Joint standard a major step towards Canada-U.S. code harmonization

0

The first-ever joint Canada-U.S. standard for plumbing is a major step towards harmonizing codes between Canada and the U.S., reports the Standards Council of Canada (SCC).

After several years of collaboration, ULC Standards, Underwriters Laboratories and the American National Standards Institute (ANSI) have developed a new standard for balloon type ball backwater valves.

The standard – ANSI/CAN/UL/ULC 1201:2016 Sensor Operated Backwater Prevention Systems – is the first of its kind in the plumbing and heating sector, reports SCC, because it applies to both countries.  It will provide significant savings in cost and time because manufacturers will not have to make different products for the two markets.

“Our ultimate goal is ‘one standard, one test, accepted everywhere’ and joint Canada-U.S. standards like this are essential to meeting this goal and improving the lives of Canadians,” remarked SCC CEO John Walter.

A panel of Canada-U.S. industry representatives, including members of the Canadian Institute of Plumbing and Heating (CIPH), and several U.S. organizations, determined that standards development for sensor-operated backwater prevention systems would benefit the greatest number of Canadian and American stakeholders.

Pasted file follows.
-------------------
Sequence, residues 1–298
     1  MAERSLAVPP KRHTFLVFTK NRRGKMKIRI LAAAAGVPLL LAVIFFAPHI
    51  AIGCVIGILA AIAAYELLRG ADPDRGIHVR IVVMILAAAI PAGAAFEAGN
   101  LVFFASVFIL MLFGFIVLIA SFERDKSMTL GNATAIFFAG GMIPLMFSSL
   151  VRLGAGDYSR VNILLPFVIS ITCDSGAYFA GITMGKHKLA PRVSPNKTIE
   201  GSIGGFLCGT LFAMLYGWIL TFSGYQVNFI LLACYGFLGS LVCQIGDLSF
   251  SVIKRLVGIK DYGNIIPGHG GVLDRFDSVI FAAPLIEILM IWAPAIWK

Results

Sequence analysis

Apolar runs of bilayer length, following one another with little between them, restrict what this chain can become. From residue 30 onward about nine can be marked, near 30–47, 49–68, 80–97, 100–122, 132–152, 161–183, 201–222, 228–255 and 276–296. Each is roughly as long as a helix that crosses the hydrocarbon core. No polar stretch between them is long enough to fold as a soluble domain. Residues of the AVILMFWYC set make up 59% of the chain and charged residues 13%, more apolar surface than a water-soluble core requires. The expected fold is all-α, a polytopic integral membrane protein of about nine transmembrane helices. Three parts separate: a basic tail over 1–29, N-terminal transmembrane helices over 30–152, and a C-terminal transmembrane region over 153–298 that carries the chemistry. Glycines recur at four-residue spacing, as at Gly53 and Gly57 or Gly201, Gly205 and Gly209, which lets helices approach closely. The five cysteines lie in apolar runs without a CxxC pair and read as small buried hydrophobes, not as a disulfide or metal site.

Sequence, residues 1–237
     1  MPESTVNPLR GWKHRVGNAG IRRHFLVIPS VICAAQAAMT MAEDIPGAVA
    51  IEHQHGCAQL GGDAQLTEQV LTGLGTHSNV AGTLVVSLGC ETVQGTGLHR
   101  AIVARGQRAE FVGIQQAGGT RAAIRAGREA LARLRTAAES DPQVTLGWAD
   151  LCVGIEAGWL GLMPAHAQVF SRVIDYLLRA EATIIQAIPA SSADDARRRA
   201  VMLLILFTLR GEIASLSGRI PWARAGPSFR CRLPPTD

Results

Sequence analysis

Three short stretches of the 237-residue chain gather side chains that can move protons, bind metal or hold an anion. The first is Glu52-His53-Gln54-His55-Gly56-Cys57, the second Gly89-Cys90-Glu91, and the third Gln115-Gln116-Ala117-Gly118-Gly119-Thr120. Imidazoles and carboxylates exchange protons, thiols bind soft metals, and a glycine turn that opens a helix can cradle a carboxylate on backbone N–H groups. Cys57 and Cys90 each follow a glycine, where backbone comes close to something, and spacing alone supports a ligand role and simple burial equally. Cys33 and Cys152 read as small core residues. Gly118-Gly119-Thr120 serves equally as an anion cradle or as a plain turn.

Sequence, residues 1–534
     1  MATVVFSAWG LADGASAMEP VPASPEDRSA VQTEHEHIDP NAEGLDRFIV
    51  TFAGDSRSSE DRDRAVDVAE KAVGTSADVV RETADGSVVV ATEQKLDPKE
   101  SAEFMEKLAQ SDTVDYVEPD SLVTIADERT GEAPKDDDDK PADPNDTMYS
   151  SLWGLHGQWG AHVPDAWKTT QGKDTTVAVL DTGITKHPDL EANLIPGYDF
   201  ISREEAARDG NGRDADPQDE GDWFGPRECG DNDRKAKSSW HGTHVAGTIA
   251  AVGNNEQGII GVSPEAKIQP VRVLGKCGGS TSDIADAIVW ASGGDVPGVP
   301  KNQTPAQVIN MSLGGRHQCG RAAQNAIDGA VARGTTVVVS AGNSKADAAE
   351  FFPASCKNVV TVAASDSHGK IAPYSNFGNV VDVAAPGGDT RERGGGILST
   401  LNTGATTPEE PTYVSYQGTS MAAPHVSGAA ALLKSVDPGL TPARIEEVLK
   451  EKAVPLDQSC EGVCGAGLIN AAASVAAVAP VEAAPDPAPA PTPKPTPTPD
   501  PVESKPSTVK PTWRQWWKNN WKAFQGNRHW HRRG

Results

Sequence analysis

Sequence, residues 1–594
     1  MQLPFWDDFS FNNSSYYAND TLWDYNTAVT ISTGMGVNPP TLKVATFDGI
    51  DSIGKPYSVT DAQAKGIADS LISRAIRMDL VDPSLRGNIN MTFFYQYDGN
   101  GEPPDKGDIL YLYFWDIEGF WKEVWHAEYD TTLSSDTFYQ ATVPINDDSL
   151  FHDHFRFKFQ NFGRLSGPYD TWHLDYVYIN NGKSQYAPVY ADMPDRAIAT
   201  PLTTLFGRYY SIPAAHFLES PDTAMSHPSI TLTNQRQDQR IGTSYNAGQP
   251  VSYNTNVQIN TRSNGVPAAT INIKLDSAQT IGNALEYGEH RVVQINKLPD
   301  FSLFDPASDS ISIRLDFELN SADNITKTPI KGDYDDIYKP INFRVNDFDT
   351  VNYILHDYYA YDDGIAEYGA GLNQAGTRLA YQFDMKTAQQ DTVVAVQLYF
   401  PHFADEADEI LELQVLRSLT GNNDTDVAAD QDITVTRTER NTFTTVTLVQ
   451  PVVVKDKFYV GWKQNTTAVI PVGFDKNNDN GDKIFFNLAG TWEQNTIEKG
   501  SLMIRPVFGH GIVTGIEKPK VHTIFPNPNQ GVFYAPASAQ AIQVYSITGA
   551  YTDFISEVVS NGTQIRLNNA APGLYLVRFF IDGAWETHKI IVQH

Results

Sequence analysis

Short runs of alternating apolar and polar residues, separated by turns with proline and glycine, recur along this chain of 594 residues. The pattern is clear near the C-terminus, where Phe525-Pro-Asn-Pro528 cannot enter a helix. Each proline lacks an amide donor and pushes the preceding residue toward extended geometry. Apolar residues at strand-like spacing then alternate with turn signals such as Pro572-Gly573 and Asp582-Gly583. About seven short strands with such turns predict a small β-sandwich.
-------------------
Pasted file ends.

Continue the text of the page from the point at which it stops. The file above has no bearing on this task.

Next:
“This standard is based on the needs from both the Canadian and American industry and will benefit not only the industry but also consumers. This achievement also supports North American alignment of the standards development process, paving the way for future collaboration. Making the standards development process easier and more cost effective will benefit all stakeholders,” said Ralph Suppa, president and general manager of CIPH.

CIPH and the Heating, Refrigeration and Air Conditioning Institute of Canada (HRAI) have been pushing governments to harmonize standards, not just between countries, but also between provinces and municipalities as a patchwork of regulations is adding considerably to the cost of manufacturing.

Balloon-type ball backwater valves prevent sewer backup. When the unit’s sensor detects a problem, a balloon inflates to seal the drain. They can be installed in existing sanitary waste piping without excavating a home’s concrete floor.

The new standard can be downloaded at no charge from
www.canada.ul.com/ulcstandards.

Share.

Comments are closed.